Combining all the teaching in 1 Corinthians 12 and 14, we emerge with an understanding that Tongues is a Gift to be used in worship but in a controlled way, so as not to bring disorder or disunity (see 14:33+40).  Paul preferred the Gift of Prophecy to the Gift of Tongues (14: 1, 5)because intelligible speech has an obviously greater value in communicating truth.  Whether the Speaker speaks in a human language or an angelic one, an Interpreter must understand what was said and translate it for the benefit of the worshipers.  Speaking in Tongues is also manifest in private prayer (14:4) and in that context requires no interpretation.

The Give of Evangelist is found in Ephesians 4:11-13.

All believers are called to be witnesses to their faith.  Our Christianity is not something to be kept “private,” but it is to be on display in everyday actions and conversations.  Persons gifted to be Evangelists are better equipped and enjoy more success in making new disciples.  In Ephesians 4 passage Paul developed a teaching about the unity of the Church by listing some of the officers of the Church. The diversity of Spiritual Gifts demonstrated unity because they had all the officers were appropriately Gifted and they had received their equipping from Christ.  It is their shared job was to build up the Church into maturity.  Echoing the language of Romans 12 which linked grace and the Gifts, verse seven says that GRACE has been APPORTIONED to each of us by Christ.  The Gift of Evangelist would be useful in positions of ministry in outreach and service-oriented witness.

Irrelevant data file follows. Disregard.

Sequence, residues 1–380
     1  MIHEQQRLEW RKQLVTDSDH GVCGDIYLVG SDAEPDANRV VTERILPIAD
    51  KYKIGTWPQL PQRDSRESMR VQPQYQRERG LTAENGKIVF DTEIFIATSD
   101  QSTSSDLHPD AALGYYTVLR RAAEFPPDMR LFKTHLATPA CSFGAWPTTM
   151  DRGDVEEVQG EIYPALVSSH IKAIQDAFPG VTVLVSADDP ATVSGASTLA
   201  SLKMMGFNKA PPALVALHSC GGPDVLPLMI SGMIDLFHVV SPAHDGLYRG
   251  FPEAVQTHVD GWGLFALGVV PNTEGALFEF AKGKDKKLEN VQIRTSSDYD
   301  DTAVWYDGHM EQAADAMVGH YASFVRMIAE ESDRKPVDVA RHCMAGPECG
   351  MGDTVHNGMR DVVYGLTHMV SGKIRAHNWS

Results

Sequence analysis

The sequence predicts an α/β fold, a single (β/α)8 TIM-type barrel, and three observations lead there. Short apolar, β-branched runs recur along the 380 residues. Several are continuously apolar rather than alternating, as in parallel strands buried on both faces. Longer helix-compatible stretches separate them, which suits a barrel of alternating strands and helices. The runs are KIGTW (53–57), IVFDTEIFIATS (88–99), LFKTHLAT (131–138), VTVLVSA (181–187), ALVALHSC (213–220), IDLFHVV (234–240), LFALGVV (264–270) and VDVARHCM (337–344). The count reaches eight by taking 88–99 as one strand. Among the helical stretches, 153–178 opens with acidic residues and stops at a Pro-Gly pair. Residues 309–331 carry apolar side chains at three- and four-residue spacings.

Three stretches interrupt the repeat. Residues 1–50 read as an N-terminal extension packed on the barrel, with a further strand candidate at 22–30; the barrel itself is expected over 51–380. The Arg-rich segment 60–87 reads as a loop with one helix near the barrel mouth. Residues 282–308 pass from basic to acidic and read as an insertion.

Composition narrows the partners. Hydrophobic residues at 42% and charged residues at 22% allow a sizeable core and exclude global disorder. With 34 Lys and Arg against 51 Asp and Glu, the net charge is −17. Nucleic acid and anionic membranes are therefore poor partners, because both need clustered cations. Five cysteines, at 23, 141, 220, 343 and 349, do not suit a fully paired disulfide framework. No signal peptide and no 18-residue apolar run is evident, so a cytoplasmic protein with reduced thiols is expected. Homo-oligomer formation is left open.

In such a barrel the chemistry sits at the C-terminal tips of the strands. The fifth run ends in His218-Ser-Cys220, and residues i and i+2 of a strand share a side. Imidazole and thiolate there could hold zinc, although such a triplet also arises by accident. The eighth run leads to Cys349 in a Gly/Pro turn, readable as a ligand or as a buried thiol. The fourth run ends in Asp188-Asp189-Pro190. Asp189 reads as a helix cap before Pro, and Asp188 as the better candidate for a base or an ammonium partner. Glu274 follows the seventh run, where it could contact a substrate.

The fourteenth Gift is Workmanship, found in Exodus 31:1-6.

This Gift empowers the use of one’s mind and hands for the creation and maintenance of physical items and the house of worship.  This is for the glory of God and the benefit of God’s people.  Take note of God’s words in verse three: “I HAVE FILLED HIM WITH THE SPIRIT OF GOD, WITH SKILL, ABILITY AND KNOWLEDGE IN ALL KINDS OF CRAFTS.”  The crafting ability that Bezalel demonstrated in creating the tabernacle and all its furnishings was based on the filling of the Spirit.  By means of the Filling of the Spirit, God endowed this man with the knowledge and ability to create items with ALL KINDS OF CRAFTS.  This kind of language is unique in the Old Testament but fits with what we’ve studied about the Gifts of the Spirit in the New Testament. For this reason I have chosen to list Workmanship among the Gifts even though it is the only Gift not included in Paul’s lists.  This Gift may also be the most practical; it is useful in maintenance and improvement of a church’s facilities; a Gifted person could also perform acts of service outside the church building, doing good work for the needy.